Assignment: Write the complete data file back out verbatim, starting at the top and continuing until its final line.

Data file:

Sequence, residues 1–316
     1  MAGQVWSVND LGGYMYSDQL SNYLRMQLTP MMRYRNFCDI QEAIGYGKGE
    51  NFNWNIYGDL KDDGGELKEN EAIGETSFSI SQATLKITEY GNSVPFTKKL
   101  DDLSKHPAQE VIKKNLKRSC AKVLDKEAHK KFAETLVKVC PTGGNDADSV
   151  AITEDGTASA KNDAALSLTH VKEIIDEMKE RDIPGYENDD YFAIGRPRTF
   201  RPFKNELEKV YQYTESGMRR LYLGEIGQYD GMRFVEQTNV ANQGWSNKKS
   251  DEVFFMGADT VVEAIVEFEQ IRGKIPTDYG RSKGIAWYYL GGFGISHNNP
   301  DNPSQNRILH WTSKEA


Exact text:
Sequence, residues 1–316
     1  MAGQVWSVND LGGYMYSDQL SNYLRMQLTP MMRYRNFCDI QEAIGYGKGE
    51  NFNWNIYGDL KDDGGELKEN EAIGETSFSI SQATLKITEY GNSVPFTKKL
   101  DDLSKHPAQE VIKKNLKRSC AKVLDKEAHK KFAETLVKVC PTGGNDADSV
   151  AITEDGTASA KNDAALSLTH VKEIIDEMKE RDIPGYENDD YFAIGRPRTF
   201  RPFKNELEKV YQYTESGMRR LYLGEIGQYD GMRFVEQTNV ANQGWSNKKS
   251  DEVFFMGADT VVEAIVEFEQ IRGKIPTDYG RSKGIAWYYL GGFGISHNNP
   301  DNPSQNRILH WTSKEA